Is Same-Sex Marriage Legal Under Federal Law? Maybe. Sometimes.
The status of same-sex marriage is confusing enough with some states allowing it and most states expressly prohibiting it. The 1996 Defense of Marriage Act (DOMA) was supposed to define marriage under federal law as being between one man and one woman. What this means in practice is in flux and can change by the day.
One reason for the controversies is that the Department of Justice is opposed to the law. The opposition, however, only applies in certain jurisdictions. Contrary to headlines, the Department of Justice will defend DOMA in some courts. In February, Attorney General Eric Holder informed the Congress that the Department of Justice is opting out of defending DOMA in the U.S. Court of Appeals for the Second Circuit. In other words, the DOJ will no longer defend the act if a gay couple appeals a decision in New York, Connecticut, or Vermont, but it will defend the act in other states.
Immigration cases, however, fall under a unique set of courts. Attorney General Holder recently vacated a decision by the Board of Immigration Appeals, an administrative body that interprets immigration law.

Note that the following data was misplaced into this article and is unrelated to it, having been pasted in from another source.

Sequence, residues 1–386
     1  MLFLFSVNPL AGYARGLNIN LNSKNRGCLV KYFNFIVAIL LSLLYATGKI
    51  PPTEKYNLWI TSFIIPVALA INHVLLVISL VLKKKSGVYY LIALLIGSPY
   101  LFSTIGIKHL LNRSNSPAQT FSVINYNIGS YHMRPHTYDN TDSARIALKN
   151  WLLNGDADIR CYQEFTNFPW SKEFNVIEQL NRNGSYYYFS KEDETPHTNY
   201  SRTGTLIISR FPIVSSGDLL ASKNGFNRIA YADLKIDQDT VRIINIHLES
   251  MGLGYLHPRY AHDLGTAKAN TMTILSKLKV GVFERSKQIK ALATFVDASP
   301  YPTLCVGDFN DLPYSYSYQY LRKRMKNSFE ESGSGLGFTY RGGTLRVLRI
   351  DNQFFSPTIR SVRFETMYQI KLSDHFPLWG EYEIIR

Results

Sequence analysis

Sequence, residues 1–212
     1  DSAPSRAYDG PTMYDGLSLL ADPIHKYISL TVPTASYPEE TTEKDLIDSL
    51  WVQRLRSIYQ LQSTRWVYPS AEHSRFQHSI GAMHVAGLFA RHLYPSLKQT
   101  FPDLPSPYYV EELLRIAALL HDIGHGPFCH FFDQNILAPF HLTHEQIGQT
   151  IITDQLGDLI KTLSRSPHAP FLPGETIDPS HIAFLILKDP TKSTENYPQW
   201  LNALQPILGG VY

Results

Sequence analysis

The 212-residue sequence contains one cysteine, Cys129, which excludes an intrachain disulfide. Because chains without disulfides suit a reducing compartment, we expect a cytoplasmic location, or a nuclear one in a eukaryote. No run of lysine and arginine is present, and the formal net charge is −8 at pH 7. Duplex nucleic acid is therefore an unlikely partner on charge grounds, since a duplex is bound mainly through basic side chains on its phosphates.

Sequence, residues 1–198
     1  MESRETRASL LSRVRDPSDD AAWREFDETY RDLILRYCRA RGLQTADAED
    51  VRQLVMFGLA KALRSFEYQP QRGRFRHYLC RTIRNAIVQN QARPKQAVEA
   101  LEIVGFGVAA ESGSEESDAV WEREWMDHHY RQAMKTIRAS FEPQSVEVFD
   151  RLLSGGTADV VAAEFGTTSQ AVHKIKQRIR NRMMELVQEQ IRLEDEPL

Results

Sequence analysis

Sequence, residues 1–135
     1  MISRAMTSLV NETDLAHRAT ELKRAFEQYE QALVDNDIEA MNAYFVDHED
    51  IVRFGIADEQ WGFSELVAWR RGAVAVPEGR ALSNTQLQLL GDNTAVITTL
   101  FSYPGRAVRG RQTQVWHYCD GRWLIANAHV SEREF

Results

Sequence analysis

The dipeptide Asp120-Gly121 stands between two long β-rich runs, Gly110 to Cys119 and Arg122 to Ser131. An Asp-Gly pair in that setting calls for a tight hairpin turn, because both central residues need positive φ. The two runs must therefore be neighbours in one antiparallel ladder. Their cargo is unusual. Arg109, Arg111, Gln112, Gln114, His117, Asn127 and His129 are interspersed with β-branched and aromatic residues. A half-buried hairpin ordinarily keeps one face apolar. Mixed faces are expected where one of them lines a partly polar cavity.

A board decision can be vacated by the Attorney General, which Holder did in the case of Paul Wilson Dorman, an Irish immigrant who is in a civil union with a New Jersey man. The board ruled that the two men were not spouses because of DOMA. Holder vacated the ruling, asking what the ruling would be if DOMA did not exist.
In light of Holder's decision, an immigration judge in New Jersey ruled that Henry Velandia, a Venezuelan, could not be deported because he is married a man who is a U.S. citizen. The two were married in Connecticut.
Department of Justice spokesperson Tracy Schmaler told the New York Times that this does not mean that same-sex couples will now be treated as spouses. "As we have made clear, we will continue to enforce DOMA," said Schmaler.
The House of Representatives is also committed to enforcing DOMA, even if this means giving same-sex couples more lax ethics regulations. Members of Congress (and some key staff) are required to report on their finances, disclosing the sources of income and the assets of their spouses. Last year, drafts of House ethics rules revisions included the extension of these rules to same-sex couples. This extension was cut, however.
According to Roll Call, the continuation of the status quo was hailed by both social conservatives and gay rights groups, albeit for different reasons. For social conservatives, DOMA prohibited treating same-sex couples as married, even if it means fewer ethics requirements. For gay rights groups, the rule would have penalized same-sex couples without extending them full benefits of marriage. Both groups, however, would favor extending the ethics rules to both same-sex and different-sex cohabiting couples.